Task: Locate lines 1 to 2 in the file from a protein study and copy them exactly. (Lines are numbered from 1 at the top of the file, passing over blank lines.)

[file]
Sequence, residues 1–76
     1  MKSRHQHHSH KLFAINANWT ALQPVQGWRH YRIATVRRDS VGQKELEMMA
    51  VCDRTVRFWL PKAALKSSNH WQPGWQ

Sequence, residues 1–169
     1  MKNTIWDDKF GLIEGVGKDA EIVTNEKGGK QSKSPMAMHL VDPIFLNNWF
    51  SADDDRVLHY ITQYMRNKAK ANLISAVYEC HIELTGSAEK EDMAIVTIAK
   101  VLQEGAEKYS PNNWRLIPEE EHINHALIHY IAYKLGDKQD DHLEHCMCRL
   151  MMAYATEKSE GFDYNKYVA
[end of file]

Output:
Sequence, residues 1–76
     1  MKSRHQHHSH KLFAINANWT ALQPVQGWRH YRIATVRRDS VGQKELEMMA